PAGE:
THE KNOWLEDGE OF MAN
COMPOSITION in Form I (A and B) is almost entirely oral and is so much associated with Bible history, English history, geography, natural history, that it hardly calls for a special place on the programme, where however it does appear as ‘Tales.’ In few things do certain teachers labour in vain more than in the careful and methodical way in which they teach composition to young children. The drill that these undergo in forming sentences is unnecessary and stultifying, as much so perhaps as such drill would be in the acts of mastication and deglutination. Teachers err out of their exceeding goodwill and generous zeal. They feel that they cannot do too much for children and attempt to do for them those things which they are richly endowed to do for themselves. Among these is the art of composition, that art of ‘telling’ which culminates in a Scott or a Homer and begins with the toddling persons of two and three who talk a great deal to each other and are surely engaged in ‘telling’ though no grown-up, not even a mother, can understand. But children of six can tell to amazing purpose.
The facts are sure to be accurate and the expression surprisingly vigorous, striking and unhesitating. Probably few grown-ups could ‘tell’ one of Æsop’s Fables with the terse directness which children reproduce. Neither are the children’s narrations incoherent; they go on with their book, week by week, whatever comes at a given time,—whether it be Mrs. Gatty’s Parables from Nature, Andersen or Grimm
or The Pilgrim’s Progress, from the point where they left off,—and there never is a time when their knowledge is scrappy.
They will ‘tell’ in their examinations about the Feeding of the Four Thousand, about the Building of the Tabernacle, How Doubting Castle was demolished, about the burning of Old St. Paul’s, How we know that the world is round and a great deal besides; for all their work lends itself to oral composition and the power of such composition is innate in children and is not the result of instruction. Two or three points are important. Children in IB [ages 6-7] require a quantity of matter to be read to them, graduated, not according to their powers which are always present, but they require a little time to employ their power of fixed attention and that other power which they possess of fluent narration. So probably young children should be allowed to narrate paragraph by paragraph, while children of seven or eight will ‘tell’ chapter by chapter. Corrections must not be made during the act of narration, nor must any interruption be allowed.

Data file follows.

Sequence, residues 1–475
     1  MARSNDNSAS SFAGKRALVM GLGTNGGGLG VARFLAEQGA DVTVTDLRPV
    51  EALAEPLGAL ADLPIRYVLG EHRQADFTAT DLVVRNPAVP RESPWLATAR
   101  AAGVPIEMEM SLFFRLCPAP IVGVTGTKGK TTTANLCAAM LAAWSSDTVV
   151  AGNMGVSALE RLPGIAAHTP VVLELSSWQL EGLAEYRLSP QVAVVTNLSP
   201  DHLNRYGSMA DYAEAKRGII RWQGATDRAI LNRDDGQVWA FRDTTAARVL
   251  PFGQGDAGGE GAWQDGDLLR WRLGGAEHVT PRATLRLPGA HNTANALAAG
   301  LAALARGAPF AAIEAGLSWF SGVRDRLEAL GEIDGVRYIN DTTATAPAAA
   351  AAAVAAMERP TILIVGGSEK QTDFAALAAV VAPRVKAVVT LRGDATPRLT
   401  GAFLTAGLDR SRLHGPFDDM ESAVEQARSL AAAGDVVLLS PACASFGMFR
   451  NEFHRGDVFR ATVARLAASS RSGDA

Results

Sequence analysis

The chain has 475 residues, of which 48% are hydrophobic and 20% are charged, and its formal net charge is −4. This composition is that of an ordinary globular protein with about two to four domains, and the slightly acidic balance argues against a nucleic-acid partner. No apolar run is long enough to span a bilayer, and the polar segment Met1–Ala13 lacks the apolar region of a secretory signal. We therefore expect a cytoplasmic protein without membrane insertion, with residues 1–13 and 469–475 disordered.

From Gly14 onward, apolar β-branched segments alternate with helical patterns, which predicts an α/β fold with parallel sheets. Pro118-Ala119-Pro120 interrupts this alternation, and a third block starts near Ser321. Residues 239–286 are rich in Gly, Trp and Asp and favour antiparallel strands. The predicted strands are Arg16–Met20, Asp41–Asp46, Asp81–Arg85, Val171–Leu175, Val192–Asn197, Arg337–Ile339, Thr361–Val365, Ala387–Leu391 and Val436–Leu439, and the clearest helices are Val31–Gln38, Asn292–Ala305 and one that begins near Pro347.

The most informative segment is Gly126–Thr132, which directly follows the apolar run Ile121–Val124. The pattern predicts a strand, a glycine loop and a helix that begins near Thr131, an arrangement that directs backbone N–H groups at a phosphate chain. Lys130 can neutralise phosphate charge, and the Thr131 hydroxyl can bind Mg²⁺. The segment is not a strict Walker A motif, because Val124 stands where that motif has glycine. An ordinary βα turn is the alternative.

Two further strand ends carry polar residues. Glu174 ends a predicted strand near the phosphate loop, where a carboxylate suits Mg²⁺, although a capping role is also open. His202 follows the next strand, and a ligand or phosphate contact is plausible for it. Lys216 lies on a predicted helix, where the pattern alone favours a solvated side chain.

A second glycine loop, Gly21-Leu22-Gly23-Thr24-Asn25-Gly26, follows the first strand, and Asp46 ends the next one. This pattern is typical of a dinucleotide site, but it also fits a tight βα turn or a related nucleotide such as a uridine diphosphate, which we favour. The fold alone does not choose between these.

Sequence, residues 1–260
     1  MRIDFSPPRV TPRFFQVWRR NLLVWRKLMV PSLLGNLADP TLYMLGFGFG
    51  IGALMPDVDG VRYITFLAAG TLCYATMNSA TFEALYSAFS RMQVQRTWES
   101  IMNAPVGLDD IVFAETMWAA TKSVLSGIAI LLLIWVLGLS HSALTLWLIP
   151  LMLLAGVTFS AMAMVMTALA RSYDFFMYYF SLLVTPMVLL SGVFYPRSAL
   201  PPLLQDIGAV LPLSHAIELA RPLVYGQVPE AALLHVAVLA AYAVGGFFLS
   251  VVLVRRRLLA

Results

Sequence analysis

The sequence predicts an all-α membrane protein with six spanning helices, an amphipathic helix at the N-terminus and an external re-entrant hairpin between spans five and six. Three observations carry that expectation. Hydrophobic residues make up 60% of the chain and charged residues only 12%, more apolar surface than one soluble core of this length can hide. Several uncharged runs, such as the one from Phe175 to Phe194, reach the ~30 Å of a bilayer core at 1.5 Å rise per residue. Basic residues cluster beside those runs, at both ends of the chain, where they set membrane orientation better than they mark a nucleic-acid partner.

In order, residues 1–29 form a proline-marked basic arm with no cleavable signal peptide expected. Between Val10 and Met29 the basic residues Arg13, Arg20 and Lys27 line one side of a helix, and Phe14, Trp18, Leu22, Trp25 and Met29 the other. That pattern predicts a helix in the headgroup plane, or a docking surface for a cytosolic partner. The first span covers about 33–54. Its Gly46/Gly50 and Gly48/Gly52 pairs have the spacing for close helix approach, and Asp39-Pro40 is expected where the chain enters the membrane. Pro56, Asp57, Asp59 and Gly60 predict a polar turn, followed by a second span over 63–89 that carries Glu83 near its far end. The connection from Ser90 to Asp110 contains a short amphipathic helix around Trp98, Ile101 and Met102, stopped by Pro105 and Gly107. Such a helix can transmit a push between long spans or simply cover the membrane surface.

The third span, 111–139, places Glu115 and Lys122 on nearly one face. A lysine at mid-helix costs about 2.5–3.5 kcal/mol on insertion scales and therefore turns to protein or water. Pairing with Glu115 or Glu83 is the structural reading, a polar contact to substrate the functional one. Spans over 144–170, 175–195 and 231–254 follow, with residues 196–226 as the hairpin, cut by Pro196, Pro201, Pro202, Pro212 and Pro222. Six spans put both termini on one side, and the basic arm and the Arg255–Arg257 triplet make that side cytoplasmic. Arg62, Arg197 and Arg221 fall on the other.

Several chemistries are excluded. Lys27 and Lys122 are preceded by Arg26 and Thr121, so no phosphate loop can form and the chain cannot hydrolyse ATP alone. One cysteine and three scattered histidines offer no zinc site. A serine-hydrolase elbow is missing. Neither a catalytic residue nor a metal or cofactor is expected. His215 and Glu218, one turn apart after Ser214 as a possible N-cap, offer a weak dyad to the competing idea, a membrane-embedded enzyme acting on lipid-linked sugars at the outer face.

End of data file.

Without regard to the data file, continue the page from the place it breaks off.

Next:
We do not say that children should never read well-intentioned second-rate books, but certainly they should not read these in school hours by way of lessons. From their earliest days they should get the habit of reading literature which they should take hold of for themselves, much or little, in their own way. As the object of every writer is to explain himself in his own book, the child and the author must be trusted together, without the intervention of the middle-man. What his author does not tell him he must go without knowing for the present.
Form II (A and B), (ages 9 to 12). Children in this Form have a wider range of reading, a more fertile field of thought, and more delightful subjects for composition. They write their little essays themselves, and as for the accuracy of their knowledge and justice of their expression, why, ‘still the wonder grows.’ They will describe their favourite scene from The Tempest or Woodstock. They write or ‘tell’ stories from work set in Plutarch or Shakespeare or tell of the events of the day.
Composition is not an adjunct but an integral part of their education in every subject. The exercise affords very great pleasure to children, perhaps we all like to tell what we know, and in proportion as their composition is entirely artless, it is in the same degree artistic and any child is apt to produce a style to be envied for its vigour and grace. But let me again say there must be no attempt to teach composition. Our failure as teachers is that we place too little dependence on the intellectual power of our scholars, and as they are modest little souls what the teacher kindly volunteers to do for them, they feel that they cannot do for themselves. But give them a fair field and no favour and they will describe their favourite scene from the play they have read, and much besides.
‘composition’ is an inevitable consequence of a free yet exact use of books and requires no special attention until the pupil is old enough to take of his own accord a critical interest in the use of words. The measured cadences of verse are as pleasing to children as to their elders. Many children write verse as readily as prose, and the conciseness and power of bringing their subject matter to a point which this form of composition requires affords valuable mental training. One thing must be borne in mind. Exercises in scansion are as necessary in English as in Latin verse. Rhythm and accent on the other hand take care of themselves in proportion as a child is accustomed to read poetry
In III and IV [ages 12-16] as in the earlier Forms, the matter of their reading during the term, topics of the day, and the passing of the Seasons, afford innumerable subjects for short essays or short sets of verses of a more abstract nature
Forms V and VI. [ages 16-18] In these Forms some definite teaching in the art of composition is advisable, but not too much, lest the young scholars be saddled with a stilted style which may encumber them for life.
Having been brought up so far upon stylists the pupils are almost certain to have formed a good style; because they have been thrown into the society of many great minds, they will not make a servile copy of any one but will shape an individual style out of the wealth of material they possess; and because they have matter in abundance and of the best they will not write mere verbiage.